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World AIDS Day – stigma and discrimination still of concern in fight against HIV/AIDS


St. Kitts and Nevis (WINN) – On December 1, the global community commemorates World AIDS Day and this year’s theme is “Equalize”.

Health officials and institutions worldwide are committed to stopping new cases of HIV, securing the rights of people living with HIV, and fighting HIV stigma and discrimination.

The World Health Organisation (WHO) aims to end the spread of HIV/AIDS by 2030 through testing, prevention and treatment.

Locally, the National AIDS Secretariat in St. Kitts and Nevis continues its campaign to educate people about the virus and advocate for people’s need to know their status, use protection and end the stigma surrounding the virus.

In a statement from the Prime Minister and Minister of Health, Hon. Dr Terrance Drew who wrote on social media, “Coming out of a pandemic; it is easy to overlook the general epidemic that still exists in our fight against HIV/AIDS. So today, we are reminded to continue the fight until we can eradicate its existence.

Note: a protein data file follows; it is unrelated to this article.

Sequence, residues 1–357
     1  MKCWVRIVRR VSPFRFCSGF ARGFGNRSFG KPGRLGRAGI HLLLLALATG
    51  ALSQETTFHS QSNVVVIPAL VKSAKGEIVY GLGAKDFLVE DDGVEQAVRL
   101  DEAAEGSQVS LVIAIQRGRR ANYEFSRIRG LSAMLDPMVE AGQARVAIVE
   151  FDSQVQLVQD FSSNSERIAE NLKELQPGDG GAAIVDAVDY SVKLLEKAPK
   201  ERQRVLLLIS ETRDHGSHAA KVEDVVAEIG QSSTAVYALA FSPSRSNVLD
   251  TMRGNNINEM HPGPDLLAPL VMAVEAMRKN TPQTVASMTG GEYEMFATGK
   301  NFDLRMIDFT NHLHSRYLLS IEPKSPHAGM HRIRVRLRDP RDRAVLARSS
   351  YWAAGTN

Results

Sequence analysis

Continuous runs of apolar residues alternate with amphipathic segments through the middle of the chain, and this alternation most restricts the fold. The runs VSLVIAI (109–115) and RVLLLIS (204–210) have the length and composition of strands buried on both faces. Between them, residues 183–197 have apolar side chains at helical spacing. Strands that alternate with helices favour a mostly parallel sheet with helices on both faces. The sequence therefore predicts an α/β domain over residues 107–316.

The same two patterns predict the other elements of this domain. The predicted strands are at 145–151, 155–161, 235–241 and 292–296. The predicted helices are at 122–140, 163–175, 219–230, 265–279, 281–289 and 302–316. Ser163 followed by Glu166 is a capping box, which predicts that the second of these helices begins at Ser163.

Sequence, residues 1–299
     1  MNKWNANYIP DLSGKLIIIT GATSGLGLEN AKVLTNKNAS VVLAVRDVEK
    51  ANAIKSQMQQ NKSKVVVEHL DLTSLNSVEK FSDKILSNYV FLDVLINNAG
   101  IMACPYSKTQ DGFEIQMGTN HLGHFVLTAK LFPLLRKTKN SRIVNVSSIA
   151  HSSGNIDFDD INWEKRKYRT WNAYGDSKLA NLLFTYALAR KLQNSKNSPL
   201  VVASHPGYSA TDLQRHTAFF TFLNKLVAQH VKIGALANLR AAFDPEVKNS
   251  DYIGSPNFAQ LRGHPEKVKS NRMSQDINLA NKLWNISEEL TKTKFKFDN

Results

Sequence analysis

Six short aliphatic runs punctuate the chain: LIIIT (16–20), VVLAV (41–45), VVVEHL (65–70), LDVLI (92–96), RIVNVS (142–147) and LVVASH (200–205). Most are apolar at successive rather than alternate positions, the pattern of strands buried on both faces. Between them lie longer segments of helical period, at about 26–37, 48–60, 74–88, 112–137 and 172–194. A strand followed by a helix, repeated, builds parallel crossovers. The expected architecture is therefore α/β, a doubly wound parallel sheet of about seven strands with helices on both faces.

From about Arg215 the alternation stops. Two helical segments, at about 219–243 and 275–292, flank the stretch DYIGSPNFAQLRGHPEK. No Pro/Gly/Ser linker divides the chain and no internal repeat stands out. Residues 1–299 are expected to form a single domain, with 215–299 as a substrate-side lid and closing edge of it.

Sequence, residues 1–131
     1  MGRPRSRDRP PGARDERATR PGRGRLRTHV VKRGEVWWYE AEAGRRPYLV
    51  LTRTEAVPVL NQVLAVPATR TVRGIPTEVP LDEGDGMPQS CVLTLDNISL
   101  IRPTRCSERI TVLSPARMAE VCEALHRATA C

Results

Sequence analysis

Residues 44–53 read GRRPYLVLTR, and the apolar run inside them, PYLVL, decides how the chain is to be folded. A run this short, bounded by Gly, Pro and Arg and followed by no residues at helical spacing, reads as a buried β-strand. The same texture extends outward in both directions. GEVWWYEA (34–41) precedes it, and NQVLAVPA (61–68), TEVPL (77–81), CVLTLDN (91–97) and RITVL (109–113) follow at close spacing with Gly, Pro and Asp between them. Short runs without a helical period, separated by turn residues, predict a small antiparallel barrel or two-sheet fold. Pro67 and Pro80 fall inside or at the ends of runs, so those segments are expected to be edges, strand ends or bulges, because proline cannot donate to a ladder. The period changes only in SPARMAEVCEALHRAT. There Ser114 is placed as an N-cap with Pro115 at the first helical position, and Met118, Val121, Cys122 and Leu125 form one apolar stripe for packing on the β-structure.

The World Health Organization (WHO) joins partners to commemorate World AIDS Day 2022 under the theme “Equalize”. WHO is calling on global leaders and citizens to boldly recognise and address the inequalities which are holding back progress in ending AIDS; and equalise access to essential HIV services, particularly for children and key populations and their partners.”

In the Americas, the Caribbean maintains the highest incidence of reported HIV/AIDS cases, with 350,000 and 590,000 Caribbean people living with HIV/AIDS.

The Minister of Health provided local stats of people in the Federation living with HIV/AIDS. To date, 213 individuals live with HIV/AIDS in St. Kitts and Nevis: 137 males and 76 females – 13 new cases. 

Although a positive diagnosis no longer means a death sentence, that is only true for people with access to testing and treatment and if people take advantage of the services provided by the local AIDS Secretariate, which are provided free of charge.

Dr Drew ended his statement by reminding the public that the focus on preventative measures should be maintained to reduce the spread of the virus. 

“But that is not enough. We also need to secure the rights of people living with HIV by doing all we can to fight HIV/AIDS stigma and discrimination, including protecting their confidential records and treating them with dignity,” said the Prime Minister. 


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